Spinach: Spinach is often regarded as a functional food due to its diverse nutritional composition, which includes vitamins, minerals, phytochemicals, and bioactive compounds. A review of multiple studies has found that spinach-derived phytochemicals can reduce oxidative stress and inflammation, thus preventing cell damage. [4]

Lemon: The antioxidants found in lemons have powerful anti-inflammatory activity, thus can reduce swelling and help the body repair damaged tissues. A study reported that lemon has potential anti-inflammatory activity that is due to inhibition of pro-inflammatory mediators present in inflammatory exudate. [5]

Ginger: Ginger can reduce inflammation and can be used to treat inflammation-related health problems. Gingerol, shogaol, and other structurally-related substances in ginger inhibit the synthesis of pro-inflammatory cytokines such as IL_1, TNF- α, and IL-8. [6]

Learn More:

101 Superfoods That Fight Joint Pain And Inflammation: https://herbshealthhappiness.com/101-superfoods-fight-joint-pain-and-inflammation/

References:

[1] Lee, E.-H., et al., Anti-inflammatory effect of Malus domestica cv. Green ball apple peel extract on Raw 264.7 macrophages. Journal of Applied Biological Chemistry, 2020. 63(2): p. 117-123. https://www.researchgate.net/publication/342596845_Anti-inflammatory…/

[2] Agatemor, U.M.-M., O.F.C. Nwodo, and C.A. Anosike, Anti-inflammatory Activity of Cucumis sativus L. Journal of Pharmaceutical Research International, 2015: p. 1-8. https://www.journaljpri.com/index.php/JPRI/article/view/18400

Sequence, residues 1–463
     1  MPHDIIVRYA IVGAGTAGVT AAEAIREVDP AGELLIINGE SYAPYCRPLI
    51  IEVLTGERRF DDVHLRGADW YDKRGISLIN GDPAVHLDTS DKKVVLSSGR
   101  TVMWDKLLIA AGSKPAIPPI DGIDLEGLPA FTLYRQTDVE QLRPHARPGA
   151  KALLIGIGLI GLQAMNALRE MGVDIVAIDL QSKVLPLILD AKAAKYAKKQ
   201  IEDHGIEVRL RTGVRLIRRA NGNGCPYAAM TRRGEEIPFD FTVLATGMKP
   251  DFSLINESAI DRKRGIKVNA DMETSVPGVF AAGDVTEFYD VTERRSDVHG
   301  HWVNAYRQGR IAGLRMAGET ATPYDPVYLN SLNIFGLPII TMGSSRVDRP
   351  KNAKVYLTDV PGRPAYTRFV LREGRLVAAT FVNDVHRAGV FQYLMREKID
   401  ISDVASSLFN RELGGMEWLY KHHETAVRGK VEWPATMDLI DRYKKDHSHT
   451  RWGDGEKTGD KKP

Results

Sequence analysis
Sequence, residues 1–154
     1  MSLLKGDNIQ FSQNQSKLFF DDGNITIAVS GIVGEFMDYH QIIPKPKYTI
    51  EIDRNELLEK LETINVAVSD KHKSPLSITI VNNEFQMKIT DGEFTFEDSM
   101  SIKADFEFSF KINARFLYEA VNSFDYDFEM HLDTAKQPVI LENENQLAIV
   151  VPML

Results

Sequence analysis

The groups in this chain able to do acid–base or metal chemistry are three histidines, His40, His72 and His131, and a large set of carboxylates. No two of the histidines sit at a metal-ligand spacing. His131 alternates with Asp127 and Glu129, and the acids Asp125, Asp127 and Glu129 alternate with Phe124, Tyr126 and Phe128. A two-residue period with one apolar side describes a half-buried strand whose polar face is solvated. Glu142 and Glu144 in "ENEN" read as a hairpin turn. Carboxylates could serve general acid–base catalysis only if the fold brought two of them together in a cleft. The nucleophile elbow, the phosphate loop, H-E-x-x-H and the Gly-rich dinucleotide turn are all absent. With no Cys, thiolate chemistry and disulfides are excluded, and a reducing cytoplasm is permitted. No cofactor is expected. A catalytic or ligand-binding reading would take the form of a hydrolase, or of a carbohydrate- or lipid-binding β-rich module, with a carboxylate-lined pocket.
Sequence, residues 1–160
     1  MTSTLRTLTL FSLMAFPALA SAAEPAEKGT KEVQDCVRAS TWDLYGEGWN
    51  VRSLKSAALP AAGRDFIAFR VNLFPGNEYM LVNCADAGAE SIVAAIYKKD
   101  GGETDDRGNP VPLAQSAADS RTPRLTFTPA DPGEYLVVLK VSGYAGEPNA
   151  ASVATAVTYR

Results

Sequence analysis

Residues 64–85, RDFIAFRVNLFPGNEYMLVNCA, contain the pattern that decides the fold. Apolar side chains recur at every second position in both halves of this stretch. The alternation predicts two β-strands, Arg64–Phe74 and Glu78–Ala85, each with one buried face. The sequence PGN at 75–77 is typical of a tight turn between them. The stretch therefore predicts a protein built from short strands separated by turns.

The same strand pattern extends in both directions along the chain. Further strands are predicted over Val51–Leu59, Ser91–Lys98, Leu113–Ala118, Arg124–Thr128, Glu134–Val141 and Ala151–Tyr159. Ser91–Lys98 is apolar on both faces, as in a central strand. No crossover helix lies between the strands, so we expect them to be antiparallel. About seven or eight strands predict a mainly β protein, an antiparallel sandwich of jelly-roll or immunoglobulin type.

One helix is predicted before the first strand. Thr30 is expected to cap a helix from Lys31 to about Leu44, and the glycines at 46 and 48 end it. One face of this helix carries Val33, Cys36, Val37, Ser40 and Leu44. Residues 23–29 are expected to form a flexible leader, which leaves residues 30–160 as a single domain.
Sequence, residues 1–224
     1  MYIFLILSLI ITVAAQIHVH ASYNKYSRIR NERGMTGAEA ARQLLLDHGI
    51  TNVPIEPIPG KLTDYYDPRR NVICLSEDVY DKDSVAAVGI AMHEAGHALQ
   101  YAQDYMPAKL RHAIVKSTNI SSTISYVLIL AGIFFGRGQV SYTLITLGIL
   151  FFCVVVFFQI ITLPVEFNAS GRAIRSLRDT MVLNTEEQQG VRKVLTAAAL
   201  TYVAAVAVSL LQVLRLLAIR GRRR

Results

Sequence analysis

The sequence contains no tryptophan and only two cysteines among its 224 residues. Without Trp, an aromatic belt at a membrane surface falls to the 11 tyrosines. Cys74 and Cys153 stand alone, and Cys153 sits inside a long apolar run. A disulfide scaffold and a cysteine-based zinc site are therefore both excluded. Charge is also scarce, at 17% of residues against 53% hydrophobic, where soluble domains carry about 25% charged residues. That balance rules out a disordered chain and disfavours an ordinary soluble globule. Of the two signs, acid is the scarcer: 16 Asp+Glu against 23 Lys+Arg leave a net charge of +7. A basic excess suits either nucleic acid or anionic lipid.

[3] Shin, J.Y., et al., Anti-inflammatory effect of hydrolyzed celery leaves extract in murine primary splenocyte. J Food Biochem, 2019. 43(9): p. e12970. https://pubmed.ncbi.nlm.nih.gov/31489653/

[4] Roberts, J.L. and R. Moreau, Functional properties of spinach (Spinacia oleracea L.) phytochemicals and bioactives. Food Funct, 2016. 7(8): p. 3337-53. https://pubmed.ncbi.nlm.nih.gov/27353735/

[5] Amorim, J.L., et al., Anti-Inflammatory Properties and Chemical Characterization of the Essential Oils of Four Citrus Species. PLoS One, 2016. 11(4): p. e0153643. https://pubmed.ncbi.nlm.nih.gov/27088973/

[6] Mashhadi, N.S., et al., Anti-oxidative and anti-inflammatory effects of ginger in health and physical activity: review of current evidence. Int J Prev Med, 2013. 4(Suppl 1): p. S36-42. https://pubmed.ncbi.nlm.nih.gov/23717767/